July 25, 2013

How Beta, Correlation and Volatility Relate: This Year’s Data

Since 2008, equity sector correlations have remained consistently high. As broad equity markets rallied, most, if not all, of the equity sectors moved higher in tandem with the overall market. Even then, some sectors certainly performed better than others. Traditional high beta sectors like Industrials, Financials and Technology led the market higher while traditionally low beta sectors such as Healthcare, Utilities and Consumer Staples performed well, but in line with their historical beta measures. 

In early 2013, however, sector correlations decreased and historical betas started to break down. While the broad markets continued to move higher, certain high beta sectors began to lag while lower beta sectors raced higher. A significant change in a sector’s historical beta is unusual. Looking at the chart of year-to-date sector returns below, defensive sectors such as Healthcare, Consumer Discretionary and Consumer Staples were three out of the four top-performing sectors while traditionally higher beta sectors such as Materials and Technology can be found at the bottom of the list. Keep in mind this performance dispersion is within the framework of a higher trending broad market.  

This decline in sector correlations and changing betas certainly creates opportunity to outperform (and underperform) for the average long-only active equity manager. One of the factors that has separated top-performing managers from others is their ability to own enough of the traditionally defensive sectors as the market has rallied. This flies in the face of traditional convention as many managers tend to overweight Industrials, Technology and Materials as markets rally and overweight Healthcare, Utilities and Consumer Staples as markets decline. 

This phenomenon has had a big impact on the options market, especially for portfolio managers and traders who typically write call options in the quest to generate alpha through options writing. Why? In a word, volatility.  

Taking a step back, the equity options market has been a predictor of how far certain securities and sectors should move over a particular time frame. By looking at the historical volatilities of sectors, for example, options traders could develop an educated guess about the range of outcomes for a sector and factor that into the pricing of a particular option. Of all variables in option pricing models, volatility is the only unknown variable. Traders must estimate the volatility to come up with a theoretical price and compare that to the prevailing market price. This is a significant factor dictating whether an options trader or portfolio manager buys or sells a particular option.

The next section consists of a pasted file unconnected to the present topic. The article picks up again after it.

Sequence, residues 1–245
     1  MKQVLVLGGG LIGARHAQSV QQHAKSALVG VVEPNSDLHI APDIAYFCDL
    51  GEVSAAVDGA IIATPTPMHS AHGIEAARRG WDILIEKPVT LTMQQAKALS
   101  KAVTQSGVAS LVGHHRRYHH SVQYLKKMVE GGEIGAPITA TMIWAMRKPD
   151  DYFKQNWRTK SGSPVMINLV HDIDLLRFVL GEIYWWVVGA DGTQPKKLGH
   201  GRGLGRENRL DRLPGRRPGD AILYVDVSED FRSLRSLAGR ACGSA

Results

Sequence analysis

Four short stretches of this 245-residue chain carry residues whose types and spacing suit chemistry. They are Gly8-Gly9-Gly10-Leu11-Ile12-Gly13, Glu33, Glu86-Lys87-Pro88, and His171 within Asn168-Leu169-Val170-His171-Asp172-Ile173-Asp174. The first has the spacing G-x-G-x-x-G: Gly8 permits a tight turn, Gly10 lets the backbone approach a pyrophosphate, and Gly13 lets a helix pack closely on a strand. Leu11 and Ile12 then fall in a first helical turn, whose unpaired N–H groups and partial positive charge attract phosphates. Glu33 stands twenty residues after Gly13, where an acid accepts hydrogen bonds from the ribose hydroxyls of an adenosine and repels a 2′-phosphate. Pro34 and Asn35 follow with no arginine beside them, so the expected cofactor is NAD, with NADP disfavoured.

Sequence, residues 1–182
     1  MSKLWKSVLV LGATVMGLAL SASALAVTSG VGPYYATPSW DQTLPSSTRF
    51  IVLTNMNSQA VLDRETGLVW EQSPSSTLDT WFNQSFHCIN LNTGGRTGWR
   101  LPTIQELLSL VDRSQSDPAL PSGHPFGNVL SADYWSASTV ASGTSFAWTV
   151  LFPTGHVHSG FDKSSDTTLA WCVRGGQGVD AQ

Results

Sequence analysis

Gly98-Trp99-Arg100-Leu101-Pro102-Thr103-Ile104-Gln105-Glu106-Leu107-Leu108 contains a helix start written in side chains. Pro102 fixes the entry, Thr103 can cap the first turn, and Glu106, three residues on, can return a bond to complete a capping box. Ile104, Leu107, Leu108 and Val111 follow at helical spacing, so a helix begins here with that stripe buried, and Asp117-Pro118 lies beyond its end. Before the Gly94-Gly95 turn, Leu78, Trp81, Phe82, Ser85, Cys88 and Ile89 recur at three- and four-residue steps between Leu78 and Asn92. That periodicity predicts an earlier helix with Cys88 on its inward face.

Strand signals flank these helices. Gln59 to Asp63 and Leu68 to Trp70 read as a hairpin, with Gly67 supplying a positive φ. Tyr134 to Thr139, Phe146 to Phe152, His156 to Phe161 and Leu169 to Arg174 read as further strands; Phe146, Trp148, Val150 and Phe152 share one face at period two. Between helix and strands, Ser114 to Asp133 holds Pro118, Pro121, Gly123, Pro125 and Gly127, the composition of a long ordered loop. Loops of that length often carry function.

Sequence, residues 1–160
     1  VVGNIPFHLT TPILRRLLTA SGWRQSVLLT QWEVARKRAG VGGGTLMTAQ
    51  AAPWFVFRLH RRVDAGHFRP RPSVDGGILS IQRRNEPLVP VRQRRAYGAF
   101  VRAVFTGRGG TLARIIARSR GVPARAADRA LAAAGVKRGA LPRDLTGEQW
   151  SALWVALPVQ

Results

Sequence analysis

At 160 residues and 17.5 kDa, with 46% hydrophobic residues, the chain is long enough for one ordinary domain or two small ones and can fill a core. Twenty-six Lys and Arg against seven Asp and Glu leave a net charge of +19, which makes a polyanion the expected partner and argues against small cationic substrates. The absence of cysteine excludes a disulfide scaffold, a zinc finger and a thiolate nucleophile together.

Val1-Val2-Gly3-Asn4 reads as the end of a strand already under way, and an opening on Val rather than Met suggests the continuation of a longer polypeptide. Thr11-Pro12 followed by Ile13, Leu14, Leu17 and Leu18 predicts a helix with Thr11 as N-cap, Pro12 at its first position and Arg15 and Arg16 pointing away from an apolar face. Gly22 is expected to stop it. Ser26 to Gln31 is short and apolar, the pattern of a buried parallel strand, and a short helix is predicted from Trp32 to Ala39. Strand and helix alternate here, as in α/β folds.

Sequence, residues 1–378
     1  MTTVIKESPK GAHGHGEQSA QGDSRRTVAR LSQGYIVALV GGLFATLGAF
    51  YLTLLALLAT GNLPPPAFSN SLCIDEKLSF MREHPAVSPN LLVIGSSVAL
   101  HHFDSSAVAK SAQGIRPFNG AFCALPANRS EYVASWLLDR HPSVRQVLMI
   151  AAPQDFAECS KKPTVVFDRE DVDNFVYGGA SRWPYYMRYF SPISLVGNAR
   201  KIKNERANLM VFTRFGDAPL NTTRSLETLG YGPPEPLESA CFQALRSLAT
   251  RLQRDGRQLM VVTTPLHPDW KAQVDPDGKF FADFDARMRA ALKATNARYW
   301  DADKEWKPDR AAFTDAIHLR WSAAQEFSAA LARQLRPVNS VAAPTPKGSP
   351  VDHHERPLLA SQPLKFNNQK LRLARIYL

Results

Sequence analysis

Returning to the example of recent outperformance of some typically low-beta sectors, as option traders factored in traditional volatility measures for these sectors, they turned out to be much too low.  The result was writing an option that was way too cheap, and as the market rallied, the short call positions were called away. Traders were then forced to buy the stock that got called away, which forces the stock price even higher if they still want or need exposure to a security or sector. 

Within the Healthcare sector, a portfolio manager that wrote a call at the beginning of the year on one of the Healthcare sector ETFs, thinking it was a low volatility/low beta sector, was forced to purchase the call back, and in essence, buy high. As the Healthcare sector continued to move higher and exhibit significant upside volatility, the negative convexity environment potentially exacerbated the move. This was all a result of “selling” volatility that was far too low. 

Based on the formula, Beta = correlation (between sector and market) x volatility of sector/volatility of the market, if sector betas are rising and sector correlations are falling (discussed above), the relative volatility of the sector has to be rising based on the mathematical relationship above. Conversely, if sector volatility is rising and sector betas are also rising, the correlation of the sector has to be falling, if the market volatility is constant or decreasing (as in 2013). 

The relationship between the beta, correlation and volatility is complex, but very important.  For long-only equity managers, underestimating any of these statistics can lead to relative underperformance in a rising market as the wrong sectors are under- and over-weighted. For options traders and portfolio managers, a significant deviation from historical measures can lead to an under- or over-estimation of volatility, which can lead to the same conundrum, by potentially over- or under-weighting one’s exposure at an inopportune time.

Page 1 of 2
Single page view Reprints Discuss this story
This is where the comments go.